Abuse of elderly won’t be tolerated

Off the fence
Abuse of elderly won’t be tolerated

Off the fence
Eamon Timmins

Age Action this week has welcomed the 13 per cent increase in the number of alleged cases of elder abuse reported to the HSE last year.
The 2,110 cases referred to the HSE’s dedicated elder abuse service in 2010, compares to 1,870 cases in 2009, and 1,840 the previous year.
There is a huge problem of under-reporting when it comes to elder abuse in Ireland, so the  increase in the number of cases being referred to the HSE is very welcome. It is an indication that we are making progress in tackling this hidden form of abuse in Ireland.
However, the gap between those being abused, and those seeking help for abuse is still considerable. Research published last year by the National Centre for the Protection of Older People found that 10,200 older people had been abused in the previous 12 months and 18,700 older people had experienced elder abuse at some time since they turned 65. In contrast, since the HSE’s elder abuse service commenced in 2007 about 6,700 cases of alleged abuse have been referred to it.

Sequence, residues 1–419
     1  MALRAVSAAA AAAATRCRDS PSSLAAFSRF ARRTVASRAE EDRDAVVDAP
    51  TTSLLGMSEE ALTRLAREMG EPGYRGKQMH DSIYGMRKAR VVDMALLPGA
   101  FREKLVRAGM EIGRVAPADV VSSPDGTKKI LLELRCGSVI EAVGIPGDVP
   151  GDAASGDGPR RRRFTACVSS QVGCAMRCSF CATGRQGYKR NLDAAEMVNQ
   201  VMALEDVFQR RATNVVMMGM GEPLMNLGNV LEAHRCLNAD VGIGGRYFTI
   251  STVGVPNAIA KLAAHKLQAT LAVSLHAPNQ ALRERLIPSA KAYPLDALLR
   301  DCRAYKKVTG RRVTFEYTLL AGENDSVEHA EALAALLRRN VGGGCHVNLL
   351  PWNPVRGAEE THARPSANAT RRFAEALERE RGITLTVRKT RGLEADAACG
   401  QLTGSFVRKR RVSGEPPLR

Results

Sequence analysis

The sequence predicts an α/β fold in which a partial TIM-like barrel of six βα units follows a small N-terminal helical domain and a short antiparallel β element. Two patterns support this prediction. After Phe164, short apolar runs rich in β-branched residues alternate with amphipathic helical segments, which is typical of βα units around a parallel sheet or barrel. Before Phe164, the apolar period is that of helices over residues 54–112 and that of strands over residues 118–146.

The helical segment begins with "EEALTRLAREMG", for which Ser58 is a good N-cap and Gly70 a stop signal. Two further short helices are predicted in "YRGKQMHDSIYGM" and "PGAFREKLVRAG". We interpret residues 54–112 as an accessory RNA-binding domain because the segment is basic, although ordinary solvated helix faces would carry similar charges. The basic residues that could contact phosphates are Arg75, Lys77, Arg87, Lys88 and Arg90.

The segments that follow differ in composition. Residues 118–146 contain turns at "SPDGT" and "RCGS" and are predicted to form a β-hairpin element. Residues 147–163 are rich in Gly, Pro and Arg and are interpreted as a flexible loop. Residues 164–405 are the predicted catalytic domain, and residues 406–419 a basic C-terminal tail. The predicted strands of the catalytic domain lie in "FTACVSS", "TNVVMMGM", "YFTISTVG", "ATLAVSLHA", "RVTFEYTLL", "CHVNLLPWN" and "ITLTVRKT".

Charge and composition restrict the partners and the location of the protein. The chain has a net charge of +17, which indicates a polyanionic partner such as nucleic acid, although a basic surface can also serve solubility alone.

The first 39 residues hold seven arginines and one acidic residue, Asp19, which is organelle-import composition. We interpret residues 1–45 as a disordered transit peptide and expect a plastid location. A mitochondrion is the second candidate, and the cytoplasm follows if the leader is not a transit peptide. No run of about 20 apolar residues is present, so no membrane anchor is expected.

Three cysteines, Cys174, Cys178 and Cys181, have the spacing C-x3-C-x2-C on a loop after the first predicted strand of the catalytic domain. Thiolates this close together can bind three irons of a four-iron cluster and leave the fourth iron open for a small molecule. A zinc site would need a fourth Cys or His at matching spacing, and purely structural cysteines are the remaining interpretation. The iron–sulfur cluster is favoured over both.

Increased reporting of alleged abuse does not necessarily mean that there was more abuse occurred last year in Ireland, but it is an indication of a greater level of awareness among health professionals and the general public that a support service is available for those being abused.
About half the alleged abuse victims last year were aged over-80, and 65 per cent were women.  Some 95 per cent of alleged abuse occurred in the person’s home.
The 2010 figures showed that health care professionals were the largest category of referrers of suspected abuse cases to the HSE service, with public health nurses accounting for a third of referrals.
Age Action ran a series of elder abuse public awareness raising workshops in March and April. There was a strong belief among the older people who attended these meetings that more had to be done to make people aware of abuse, the warning signs of abuse, and to let people know about the HSE’s elder abuse service.
We need to get the message out that elder abuse is never acceptable, that doing nothing is not an option when you suspect that abuse is occurring,  and that older people who are being abused can turn to a dedicated, professional elder abuse service for support.
If you are being abused, you can contact your local elder abuse case worker by phoning the HSE’s information line 1850 24 1850.  Age Action’s information service operates from 9.30am to 5pm, Monday to Friday.

Eamon Timmins is head of Advocacy and Communication at Age Action